What a difference three years make. In the depths of the recession, Coleshill pressworker Sertec announced 170 job cuts, wage reductions of 16 per cent, short-time working and job sharing to combat the downturn.
A major problem was that they were reliant on Jaguar Land Rover for 70 per cent of their turnover. And we all remember JLR’s precarious plight in the early months of 2009.
There had been voluntary redundancy programmes, an agreement on a two-year wage freeze and appeals to then Business Secretary Peter Mandelson for Government assistance.
But Sertec’s difficulties in the downturn have become solutions in the post-recessionary days of 2012. Jaguar Land Rover are born again, with export drives to China, India and Russia paying handsome dividends.
On the back of the JLR metamorphosis – and other judicious business strategies – Sertec now employs around 700 people, with three plants in the West Midlands, and other bases in Estonia and China.
The firm’s turnover has doubled since 2009. Today Sertec is the largest independent pressworker in the UK, exactly 50 years after founder Harry Mosedale launched the firm as a metal-bashing operation in Aston after borrowing half a crown.
The icing on the cake for this most durable of companies was its accolade last year as Jaguar Land Rover’s top supplier worldwide, from a total of 1,200.
But whilst Sertec goes from strength to strength, its UK toolmaking supply base has withered on the vine. In 2002, 90 per cent of its toolmaking requirements were fulfilled in the UK.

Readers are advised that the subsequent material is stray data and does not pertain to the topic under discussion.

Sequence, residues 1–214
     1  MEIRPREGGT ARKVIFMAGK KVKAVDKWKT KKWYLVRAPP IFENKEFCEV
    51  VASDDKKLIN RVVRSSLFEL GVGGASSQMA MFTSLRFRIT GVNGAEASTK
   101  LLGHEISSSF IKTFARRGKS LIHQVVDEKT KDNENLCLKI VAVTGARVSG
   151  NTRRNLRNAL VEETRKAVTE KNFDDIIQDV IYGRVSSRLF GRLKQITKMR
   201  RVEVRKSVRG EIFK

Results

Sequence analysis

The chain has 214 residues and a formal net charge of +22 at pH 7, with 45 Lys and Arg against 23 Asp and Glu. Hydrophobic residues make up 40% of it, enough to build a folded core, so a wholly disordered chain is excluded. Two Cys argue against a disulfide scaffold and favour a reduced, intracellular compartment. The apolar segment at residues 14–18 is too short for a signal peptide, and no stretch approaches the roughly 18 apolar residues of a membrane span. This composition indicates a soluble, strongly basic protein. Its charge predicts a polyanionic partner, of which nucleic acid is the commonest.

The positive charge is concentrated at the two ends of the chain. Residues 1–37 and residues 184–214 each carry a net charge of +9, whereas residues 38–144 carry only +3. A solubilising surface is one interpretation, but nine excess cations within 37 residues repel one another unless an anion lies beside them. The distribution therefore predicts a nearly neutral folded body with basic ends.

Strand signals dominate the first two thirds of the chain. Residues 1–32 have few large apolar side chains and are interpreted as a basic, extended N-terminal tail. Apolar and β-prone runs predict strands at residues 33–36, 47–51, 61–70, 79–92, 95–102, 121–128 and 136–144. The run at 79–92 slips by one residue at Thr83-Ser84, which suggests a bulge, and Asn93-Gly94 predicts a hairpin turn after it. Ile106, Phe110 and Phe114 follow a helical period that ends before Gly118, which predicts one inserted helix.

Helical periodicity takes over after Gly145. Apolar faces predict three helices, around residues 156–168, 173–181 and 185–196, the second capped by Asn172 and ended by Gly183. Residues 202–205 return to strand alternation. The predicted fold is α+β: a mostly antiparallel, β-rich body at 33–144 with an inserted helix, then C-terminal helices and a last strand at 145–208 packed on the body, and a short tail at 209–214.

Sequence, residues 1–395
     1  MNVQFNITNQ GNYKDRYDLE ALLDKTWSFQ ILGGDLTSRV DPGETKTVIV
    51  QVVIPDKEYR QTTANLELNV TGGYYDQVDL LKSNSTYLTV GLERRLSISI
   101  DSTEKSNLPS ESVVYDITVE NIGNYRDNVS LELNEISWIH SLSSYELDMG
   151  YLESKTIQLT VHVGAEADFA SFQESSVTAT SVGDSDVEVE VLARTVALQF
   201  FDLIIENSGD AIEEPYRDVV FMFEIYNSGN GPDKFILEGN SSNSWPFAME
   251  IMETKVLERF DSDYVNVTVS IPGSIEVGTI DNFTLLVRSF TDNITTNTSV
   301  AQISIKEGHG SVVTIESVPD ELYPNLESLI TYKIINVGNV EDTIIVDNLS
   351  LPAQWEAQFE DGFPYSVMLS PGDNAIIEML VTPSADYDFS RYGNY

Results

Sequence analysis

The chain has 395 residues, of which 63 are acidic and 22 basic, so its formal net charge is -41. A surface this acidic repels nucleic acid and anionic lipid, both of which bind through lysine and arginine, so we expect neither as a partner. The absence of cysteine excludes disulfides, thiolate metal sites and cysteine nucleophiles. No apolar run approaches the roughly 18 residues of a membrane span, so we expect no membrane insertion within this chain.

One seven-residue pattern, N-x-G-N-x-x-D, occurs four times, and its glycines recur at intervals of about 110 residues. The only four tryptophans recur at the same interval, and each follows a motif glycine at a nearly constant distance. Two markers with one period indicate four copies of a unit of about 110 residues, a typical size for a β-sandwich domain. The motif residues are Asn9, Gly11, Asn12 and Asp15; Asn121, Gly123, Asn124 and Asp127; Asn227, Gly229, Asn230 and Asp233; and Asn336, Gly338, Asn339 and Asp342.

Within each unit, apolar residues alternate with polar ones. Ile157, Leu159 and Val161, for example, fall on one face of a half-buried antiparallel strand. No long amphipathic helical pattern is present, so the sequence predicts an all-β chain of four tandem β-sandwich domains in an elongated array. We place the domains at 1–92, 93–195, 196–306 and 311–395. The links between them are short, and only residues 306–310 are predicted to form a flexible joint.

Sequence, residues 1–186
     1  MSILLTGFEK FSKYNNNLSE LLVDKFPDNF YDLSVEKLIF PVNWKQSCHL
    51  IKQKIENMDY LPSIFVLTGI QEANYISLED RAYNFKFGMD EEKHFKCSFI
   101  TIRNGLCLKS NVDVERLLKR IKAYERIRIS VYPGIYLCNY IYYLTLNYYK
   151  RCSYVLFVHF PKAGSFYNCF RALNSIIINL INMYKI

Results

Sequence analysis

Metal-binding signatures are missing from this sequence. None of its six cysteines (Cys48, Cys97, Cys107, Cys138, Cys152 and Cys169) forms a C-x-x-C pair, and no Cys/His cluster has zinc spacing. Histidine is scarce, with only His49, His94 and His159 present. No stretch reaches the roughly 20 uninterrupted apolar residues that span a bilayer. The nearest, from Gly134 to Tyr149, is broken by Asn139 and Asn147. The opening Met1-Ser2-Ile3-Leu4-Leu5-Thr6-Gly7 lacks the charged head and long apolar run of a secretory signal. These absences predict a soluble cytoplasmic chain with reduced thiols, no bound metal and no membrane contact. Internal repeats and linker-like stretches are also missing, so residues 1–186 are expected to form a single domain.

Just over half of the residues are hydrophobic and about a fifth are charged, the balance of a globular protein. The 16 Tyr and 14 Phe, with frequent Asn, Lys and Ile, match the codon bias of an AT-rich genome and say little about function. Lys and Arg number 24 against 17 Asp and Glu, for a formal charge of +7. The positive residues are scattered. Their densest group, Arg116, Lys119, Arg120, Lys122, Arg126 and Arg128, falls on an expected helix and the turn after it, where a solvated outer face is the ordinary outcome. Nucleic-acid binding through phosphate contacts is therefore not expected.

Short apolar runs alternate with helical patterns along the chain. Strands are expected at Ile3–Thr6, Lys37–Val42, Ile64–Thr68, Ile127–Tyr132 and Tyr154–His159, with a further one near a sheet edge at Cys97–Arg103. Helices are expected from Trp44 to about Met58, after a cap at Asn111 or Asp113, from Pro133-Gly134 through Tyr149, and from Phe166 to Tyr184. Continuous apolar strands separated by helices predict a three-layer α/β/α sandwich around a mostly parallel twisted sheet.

Today that percentage has switched to China, and Sertec is looking to the Far East superpower where once it looked to its own backyard. Group managing director Grant Adams says the firm would prefer to buy in the UK, but must deal with the realities of the marketplace.
The Sertec story marks a metaphor for the UK’s ever-shrinking manufacturing base. If you get your products and quality right, and you meet the demands of your customers, you can grow, even in these straitened times. Sertec aims to create 100 new jobs over the next 18 months, a figure that speaks volumes.
But there’s also a telling irony at the heart of recent Sertec history, with the firm now forced to buy Chinese in order to supply parts to its biggest customer JLR, itself the UK’s biggest exporter to.....guess where? China.